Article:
Thought for the Day - Rev Joel Edwards
Today the Prime Minister will address the Council of Europe in Strasburg and is expected to raise the thorny issue of reforming the European Courts of Human Rights.
Whatever the Prime Minister says will fuel the debate.
And that’s because human rights is becoming increasingly controversial. Even with the mass of international conventions promoting our political and civil rights, the subject is becoming difficult to decipher. How do our communities, for example, walk the tightrope between rights and responsibilities? And how possible is it - really – to legislate for a level playing field across many cultures and a myriad of political landscapes?
As activists will tell us, in some political settings the demand for human rights is resisted as a Western construct: It’s viewed as a contemporary form of Christian imperialism imposing Western values and decadence in the name of democracy.
It’s even more complicated than that. I have a lot of Christian friends who are huge sceptics. Human rights, they say, is a slow train to oblivion for in the clash of ideologies where faith and doctrine goes to court against ‘rights’ faith is always expected to give way.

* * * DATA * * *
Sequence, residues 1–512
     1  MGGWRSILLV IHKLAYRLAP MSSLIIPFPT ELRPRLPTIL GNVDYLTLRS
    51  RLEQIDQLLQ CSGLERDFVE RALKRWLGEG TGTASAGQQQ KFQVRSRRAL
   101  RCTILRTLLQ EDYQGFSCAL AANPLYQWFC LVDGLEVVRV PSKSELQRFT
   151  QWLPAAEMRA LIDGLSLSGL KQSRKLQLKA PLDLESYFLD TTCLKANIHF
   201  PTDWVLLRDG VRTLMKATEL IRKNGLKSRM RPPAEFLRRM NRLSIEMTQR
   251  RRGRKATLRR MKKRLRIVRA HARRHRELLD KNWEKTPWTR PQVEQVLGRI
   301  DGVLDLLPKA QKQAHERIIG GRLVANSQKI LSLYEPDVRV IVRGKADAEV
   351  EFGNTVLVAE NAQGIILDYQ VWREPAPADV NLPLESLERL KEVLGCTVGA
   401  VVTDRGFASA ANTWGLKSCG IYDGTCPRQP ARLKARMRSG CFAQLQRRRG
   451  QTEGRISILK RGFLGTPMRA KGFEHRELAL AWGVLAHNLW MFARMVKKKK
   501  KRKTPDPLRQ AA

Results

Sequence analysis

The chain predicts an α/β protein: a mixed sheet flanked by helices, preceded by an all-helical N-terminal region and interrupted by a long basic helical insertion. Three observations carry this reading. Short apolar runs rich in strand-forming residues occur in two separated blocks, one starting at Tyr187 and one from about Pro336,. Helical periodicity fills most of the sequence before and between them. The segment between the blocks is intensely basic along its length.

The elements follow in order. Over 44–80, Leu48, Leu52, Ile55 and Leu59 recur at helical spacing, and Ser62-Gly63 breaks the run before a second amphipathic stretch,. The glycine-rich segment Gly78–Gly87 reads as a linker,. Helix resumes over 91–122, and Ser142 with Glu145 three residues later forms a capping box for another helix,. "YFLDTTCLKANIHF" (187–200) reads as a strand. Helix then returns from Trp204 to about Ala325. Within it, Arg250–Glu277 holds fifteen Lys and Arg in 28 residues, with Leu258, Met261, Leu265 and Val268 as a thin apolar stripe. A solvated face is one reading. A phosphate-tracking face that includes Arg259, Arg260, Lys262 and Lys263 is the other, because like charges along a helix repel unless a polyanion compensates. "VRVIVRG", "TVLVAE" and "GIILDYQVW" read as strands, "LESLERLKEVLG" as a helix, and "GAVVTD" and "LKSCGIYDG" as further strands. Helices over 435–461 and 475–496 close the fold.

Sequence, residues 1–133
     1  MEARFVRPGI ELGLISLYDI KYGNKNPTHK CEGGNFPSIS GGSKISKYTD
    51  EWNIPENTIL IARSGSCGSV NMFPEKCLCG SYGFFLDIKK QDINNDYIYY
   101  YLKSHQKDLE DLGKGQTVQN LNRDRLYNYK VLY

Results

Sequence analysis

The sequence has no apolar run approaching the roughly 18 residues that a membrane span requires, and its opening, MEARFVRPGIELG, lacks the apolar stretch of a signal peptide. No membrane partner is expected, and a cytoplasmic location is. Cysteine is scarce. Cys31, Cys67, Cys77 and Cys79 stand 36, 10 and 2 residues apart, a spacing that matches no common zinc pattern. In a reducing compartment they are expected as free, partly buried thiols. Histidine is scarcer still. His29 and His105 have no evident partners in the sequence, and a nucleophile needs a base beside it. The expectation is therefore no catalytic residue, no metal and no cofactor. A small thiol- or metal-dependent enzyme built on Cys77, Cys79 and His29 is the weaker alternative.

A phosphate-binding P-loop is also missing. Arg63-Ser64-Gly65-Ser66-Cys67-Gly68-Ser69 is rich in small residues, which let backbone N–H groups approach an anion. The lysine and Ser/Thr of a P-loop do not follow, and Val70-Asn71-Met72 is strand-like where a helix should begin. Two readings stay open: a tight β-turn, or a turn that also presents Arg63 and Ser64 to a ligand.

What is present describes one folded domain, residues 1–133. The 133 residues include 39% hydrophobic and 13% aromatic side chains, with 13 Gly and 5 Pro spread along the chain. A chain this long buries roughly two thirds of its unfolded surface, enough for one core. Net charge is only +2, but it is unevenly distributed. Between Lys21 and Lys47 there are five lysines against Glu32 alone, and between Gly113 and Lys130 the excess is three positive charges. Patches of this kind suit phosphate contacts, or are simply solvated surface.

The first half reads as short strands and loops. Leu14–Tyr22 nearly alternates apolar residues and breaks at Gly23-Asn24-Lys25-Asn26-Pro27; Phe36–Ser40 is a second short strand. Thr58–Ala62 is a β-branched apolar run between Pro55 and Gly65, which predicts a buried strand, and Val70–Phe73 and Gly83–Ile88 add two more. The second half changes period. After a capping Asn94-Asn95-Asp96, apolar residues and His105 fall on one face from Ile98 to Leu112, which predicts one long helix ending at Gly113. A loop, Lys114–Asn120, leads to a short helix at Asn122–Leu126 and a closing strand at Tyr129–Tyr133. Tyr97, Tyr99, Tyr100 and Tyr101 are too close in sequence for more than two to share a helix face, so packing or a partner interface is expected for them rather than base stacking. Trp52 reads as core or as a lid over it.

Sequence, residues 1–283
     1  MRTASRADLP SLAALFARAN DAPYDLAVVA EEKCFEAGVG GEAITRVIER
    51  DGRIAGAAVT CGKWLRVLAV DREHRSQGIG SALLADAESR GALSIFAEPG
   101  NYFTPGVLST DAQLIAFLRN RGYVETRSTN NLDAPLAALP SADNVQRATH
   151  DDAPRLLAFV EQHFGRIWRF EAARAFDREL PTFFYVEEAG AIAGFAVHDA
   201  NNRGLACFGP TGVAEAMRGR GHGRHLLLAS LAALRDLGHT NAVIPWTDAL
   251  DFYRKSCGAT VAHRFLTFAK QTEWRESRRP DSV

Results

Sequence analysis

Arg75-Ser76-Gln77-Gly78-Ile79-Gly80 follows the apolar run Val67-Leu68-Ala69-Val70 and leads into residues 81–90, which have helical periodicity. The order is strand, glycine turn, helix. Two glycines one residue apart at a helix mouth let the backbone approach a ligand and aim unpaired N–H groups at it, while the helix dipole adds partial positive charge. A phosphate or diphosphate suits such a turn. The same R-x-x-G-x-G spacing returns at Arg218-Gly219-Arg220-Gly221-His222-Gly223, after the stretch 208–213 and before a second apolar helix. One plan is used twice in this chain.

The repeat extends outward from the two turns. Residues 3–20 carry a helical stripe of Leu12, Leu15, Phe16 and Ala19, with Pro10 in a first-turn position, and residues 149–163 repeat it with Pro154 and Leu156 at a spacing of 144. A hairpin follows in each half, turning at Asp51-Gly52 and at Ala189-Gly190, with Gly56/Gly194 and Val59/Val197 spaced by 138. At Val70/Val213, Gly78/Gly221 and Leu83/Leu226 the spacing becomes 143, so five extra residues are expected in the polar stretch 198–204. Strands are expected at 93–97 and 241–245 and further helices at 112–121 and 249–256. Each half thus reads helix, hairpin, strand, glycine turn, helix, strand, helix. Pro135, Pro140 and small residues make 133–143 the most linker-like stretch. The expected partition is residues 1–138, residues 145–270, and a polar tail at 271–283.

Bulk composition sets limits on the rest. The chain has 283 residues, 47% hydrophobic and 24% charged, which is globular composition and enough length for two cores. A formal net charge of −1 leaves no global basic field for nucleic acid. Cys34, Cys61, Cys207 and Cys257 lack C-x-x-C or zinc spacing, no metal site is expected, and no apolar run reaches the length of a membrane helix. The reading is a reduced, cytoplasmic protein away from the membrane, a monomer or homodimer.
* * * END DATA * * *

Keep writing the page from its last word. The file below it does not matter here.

Any discussion about our instruments of equality will, necessarily, be controversial because it takes us to the very soul of the enterprise for a moral framework which covers each person with dignity and respect.
And in a world where 70% of people live under regimes where freedom of faith is compromised or denied it’s a discussion we must all engage.
Perhaps what is needed in our common purpose is translators who can help us find common language.
And for Christians this already flows from the idea that people are made in the image and likeness of God. In the Hebrew Scriptures there is no higher ideal for human flourishing than the idea that God created people to be like him and with him; made a little lower than heavenly beings and familiar to God from their mother’s womb.
The entire thrust of the Bible pushes us toward the idea that people have a created right to flourish; that in the broadest sense we are also our ‘brother’s keeper’ in a world in which everyone is our neighbour.
Admittedly this grand narrative won’t help us with the finer points of our legal systems.
But it may help us to realise that human rights is another way of trying to talk about human dignity.